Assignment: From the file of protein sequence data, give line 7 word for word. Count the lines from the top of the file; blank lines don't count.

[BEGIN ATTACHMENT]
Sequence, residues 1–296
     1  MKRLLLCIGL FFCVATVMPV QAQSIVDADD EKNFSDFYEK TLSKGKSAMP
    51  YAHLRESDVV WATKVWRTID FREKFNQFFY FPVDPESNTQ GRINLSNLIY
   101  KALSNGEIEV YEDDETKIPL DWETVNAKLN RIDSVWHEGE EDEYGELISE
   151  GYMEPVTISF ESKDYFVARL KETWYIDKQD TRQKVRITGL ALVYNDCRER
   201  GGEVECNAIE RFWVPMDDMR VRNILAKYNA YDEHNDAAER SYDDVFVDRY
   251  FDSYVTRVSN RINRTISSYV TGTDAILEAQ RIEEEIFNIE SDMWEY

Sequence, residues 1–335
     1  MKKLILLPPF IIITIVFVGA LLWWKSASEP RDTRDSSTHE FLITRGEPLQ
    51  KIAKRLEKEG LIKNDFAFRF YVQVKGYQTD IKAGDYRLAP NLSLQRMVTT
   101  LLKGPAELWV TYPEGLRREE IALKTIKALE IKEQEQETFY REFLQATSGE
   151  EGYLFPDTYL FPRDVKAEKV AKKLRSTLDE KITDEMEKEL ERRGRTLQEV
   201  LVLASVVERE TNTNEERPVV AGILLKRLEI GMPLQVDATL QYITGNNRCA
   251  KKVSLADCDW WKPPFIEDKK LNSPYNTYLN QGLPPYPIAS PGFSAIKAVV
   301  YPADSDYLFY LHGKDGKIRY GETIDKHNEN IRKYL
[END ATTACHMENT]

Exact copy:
   251  FDSYVTRVSN RINRTISSYV TGTDAILEAQ RIEEEIFNIE SDMWEY